ANAHEIM — A sold-out crowd roared at once as Lonzo Ball was introduced before the Lakers’ preseason opener — and they were almost as loud when Kyle Kuzma checked in midway through the first.
The two stars of the Lakers’ Summer League title team both found ways to impact the game in their preseason debut, although the Lakers fell to Minnesota, 108-99.
Ball — the NBA’s second-overall draft pick — was clearly the reason for many in attendance, as fans hollered whenever he touched the ball in the opening minutes.
“It felt great, especially when they called my name and the fans were cheering,” Ball said. “That’s what you dream about as a kid.”
While he struggled to hit shots, going just 2-of-9 for five points, he quietly put together a strong stat line with the rest of his game.
The 6-foot-6 point guard didn’t have one of his trademark highlight dimes, but he did rack up eight assists by make correct, simple passes. Ball also hauled in seven rebounds and added a pair of steals.
Moving forward, head coach Luke Walton would like for Ball to be more aggressive for his own shot, saying that teams and scouts will adjust their defenses based on how much he wants to make plays for others.
“Lonzo is so gifted as far as he always makes everyone on the court a threat,” Walton said. “He’s so unselfish that sometimes he has good shots for himself and he tries to get someone else a shot.”
Meanwhile, Kuzma had no trouble finding his own shots, as he sunk nine of his 12 attempts from the field.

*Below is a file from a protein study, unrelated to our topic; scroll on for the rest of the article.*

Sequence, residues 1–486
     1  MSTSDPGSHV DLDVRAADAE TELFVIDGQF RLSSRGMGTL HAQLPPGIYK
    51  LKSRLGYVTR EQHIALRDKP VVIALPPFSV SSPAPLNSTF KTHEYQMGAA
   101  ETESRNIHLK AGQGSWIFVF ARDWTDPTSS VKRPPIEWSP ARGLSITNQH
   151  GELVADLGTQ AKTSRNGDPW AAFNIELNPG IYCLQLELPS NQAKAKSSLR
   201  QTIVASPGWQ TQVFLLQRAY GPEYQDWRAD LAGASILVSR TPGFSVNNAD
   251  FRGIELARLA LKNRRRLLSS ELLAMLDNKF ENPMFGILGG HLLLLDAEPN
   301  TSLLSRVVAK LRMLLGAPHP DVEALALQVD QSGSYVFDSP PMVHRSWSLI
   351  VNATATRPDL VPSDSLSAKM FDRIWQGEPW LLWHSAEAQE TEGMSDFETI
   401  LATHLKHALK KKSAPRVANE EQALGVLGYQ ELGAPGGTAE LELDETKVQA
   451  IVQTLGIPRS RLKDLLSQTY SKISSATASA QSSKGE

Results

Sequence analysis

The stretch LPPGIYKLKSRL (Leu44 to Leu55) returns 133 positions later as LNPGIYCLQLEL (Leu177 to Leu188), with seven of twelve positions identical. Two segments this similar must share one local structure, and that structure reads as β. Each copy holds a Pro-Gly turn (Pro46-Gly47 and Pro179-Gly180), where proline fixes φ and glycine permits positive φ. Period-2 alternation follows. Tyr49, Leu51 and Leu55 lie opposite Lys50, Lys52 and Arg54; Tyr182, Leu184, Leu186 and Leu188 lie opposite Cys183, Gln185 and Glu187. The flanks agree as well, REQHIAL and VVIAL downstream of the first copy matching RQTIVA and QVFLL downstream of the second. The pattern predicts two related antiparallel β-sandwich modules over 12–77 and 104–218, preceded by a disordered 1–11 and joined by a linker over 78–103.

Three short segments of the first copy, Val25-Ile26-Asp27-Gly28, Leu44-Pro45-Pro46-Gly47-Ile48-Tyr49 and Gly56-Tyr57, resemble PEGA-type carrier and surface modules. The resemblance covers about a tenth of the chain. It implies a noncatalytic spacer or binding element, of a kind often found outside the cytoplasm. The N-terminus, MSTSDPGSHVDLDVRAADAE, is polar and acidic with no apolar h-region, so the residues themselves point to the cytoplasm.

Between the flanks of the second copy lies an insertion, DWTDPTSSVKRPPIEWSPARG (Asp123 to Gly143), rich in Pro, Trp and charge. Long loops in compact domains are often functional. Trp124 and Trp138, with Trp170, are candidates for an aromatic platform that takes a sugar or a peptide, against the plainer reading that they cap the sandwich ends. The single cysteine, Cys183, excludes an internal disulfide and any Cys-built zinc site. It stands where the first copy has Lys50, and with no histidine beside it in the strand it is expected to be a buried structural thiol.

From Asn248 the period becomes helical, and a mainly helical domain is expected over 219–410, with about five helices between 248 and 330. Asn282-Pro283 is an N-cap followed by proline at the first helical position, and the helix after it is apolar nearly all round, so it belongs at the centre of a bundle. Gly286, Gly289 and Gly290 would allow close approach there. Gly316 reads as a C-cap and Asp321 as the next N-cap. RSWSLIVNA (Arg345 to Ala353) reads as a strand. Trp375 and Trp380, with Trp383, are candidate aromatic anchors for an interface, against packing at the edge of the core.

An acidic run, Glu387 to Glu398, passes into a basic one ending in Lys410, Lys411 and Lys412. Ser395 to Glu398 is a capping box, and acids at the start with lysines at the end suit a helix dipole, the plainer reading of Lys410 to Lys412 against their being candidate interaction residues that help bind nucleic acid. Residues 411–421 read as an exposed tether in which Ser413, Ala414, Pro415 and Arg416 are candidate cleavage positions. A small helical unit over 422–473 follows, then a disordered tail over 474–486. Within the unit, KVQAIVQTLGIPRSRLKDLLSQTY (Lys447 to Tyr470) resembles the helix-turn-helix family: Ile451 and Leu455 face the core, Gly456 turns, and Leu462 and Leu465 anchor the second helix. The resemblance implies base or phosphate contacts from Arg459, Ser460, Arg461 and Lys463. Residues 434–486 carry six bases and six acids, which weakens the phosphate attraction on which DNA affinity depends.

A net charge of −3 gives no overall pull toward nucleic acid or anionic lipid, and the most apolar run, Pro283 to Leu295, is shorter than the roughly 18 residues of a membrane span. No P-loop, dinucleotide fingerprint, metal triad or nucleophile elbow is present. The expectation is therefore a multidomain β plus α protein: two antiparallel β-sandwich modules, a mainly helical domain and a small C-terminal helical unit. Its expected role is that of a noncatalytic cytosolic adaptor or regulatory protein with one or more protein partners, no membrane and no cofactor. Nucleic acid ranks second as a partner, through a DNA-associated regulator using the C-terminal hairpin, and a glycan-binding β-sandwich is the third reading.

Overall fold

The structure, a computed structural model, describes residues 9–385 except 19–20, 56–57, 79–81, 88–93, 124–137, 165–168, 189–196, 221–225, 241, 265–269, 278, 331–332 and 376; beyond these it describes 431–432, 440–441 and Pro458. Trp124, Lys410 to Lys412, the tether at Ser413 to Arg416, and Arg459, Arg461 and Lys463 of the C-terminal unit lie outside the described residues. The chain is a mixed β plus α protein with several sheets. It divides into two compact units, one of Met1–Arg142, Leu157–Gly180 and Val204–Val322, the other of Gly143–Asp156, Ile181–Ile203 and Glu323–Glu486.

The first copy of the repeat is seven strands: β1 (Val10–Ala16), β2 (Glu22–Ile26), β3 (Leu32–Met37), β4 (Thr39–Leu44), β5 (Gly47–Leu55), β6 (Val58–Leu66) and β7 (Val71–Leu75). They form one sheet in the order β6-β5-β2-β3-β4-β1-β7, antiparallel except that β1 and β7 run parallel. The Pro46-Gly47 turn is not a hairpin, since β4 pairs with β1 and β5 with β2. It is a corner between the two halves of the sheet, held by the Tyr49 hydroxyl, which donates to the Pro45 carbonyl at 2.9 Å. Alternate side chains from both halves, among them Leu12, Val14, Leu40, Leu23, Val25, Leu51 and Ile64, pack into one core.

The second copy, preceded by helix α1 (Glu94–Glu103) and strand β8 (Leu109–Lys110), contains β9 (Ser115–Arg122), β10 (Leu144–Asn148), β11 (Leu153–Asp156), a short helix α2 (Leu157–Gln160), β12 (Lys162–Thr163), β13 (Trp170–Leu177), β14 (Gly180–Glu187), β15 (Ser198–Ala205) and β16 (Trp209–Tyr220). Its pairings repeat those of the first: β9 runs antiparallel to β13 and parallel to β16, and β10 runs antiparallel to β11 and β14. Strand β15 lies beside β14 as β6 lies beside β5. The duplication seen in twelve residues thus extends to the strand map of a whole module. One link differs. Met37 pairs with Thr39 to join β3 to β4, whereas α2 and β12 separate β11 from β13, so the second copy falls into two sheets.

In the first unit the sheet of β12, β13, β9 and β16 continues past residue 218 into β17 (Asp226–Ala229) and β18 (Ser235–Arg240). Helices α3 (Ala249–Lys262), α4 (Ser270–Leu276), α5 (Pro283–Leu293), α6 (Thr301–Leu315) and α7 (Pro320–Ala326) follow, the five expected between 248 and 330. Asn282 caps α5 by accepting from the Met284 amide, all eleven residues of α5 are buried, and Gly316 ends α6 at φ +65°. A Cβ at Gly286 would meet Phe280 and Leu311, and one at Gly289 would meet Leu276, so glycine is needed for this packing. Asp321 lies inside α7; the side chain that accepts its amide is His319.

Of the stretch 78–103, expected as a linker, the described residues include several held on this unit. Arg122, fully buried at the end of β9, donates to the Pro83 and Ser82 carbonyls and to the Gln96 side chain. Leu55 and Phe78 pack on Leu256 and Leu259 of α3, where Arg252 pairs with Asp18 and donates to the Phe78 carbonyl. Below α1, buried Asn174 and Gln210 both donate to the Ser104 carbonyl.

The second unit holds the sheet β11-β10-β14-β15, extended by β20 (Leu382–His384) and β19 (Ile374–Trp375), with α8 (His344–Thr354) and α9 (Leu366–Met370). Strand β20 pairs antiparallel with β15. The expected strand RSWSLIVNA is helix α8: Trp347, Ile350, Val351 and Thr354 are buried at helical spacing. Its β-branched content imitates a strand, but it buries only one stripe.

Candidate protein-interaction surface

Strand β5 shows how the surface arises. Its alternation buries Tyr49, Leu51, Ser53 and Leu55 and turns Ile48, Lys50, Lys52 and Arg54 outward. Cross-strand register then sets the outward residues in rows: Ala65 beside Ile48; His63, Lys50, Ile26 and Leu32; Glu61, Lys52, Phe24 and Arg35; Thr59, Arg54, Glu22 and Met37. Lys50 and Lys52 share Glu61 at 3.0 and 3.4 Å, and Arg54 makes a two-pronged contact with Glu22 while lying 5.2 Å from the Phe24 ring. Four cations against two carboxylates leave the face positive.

At Summer League Kuzma showed the ability to catch fire at any given moment, and he certainly had the hot hand in the third quarter in Anaheim.
Midway through the frame, Kuzma made four consecutive shots in a 91-second span, as the Timberwolves couldn’t stop him from hitting a step-back jumper, floating bank shot and pair of driving hooks.
“Kuzma was just Kuzma again,” Walton said. “He’s a competitor and he finds a way.”
But the 27th draft pick also received some lessons courtesy of one of the league’s toughest players.
Kuzma has some muscle to him and brought down five rebounds, but he also got pushed out of position on a few occasions.
“I got to get a lot stronger,” Kuzma said. “Taj Gibson got me under the rim a couple of times.”
Walton liked the way that Kuzma hung with the opposition at both the three and four positions.
Now one of the keys for Kuzma will be adjusting to the shifting gears of the NBA.
“It’s not so much 100 miles per hour like you’d think it is,” Kuzma said. “It’s really pace, stop and go — I definitely learned a lot out there just in that one game.”
Work In Progress
The game was just as sloppy as Walton expected it to be after only four days of practice at training camp.
With Brook Lopez (back spasms) sidelined, Walton started both Julius Randle and Larry Nance Jr. at the four and five.
The small-ball lineup gave the Lakers added speed against a new-look Wolves squad boasting Jimmy Butler, Karl-Anthony Towns and Andrew Wiggins.
However, the Lakers were unable to replicate their hot, 31-point first quarter, as Walton said that fatigue resulted in a stoppage of ball movement.
This resulted in settling for a barrage of 3-point attempts and a trickle of makes, as the Lakers shot just 5-of-30 from deep.
Nance grabbed a team-high nine rebounds, and Tyler Ennis had eight assists. … Shabazz Muhammad (22 points) and Gorgui Dieng (14 points, 12 rebounds) led Minnesota. … Honda Center was sold out by a crowd of 16,733 — the arena’s largest for a Lakers game since 2003.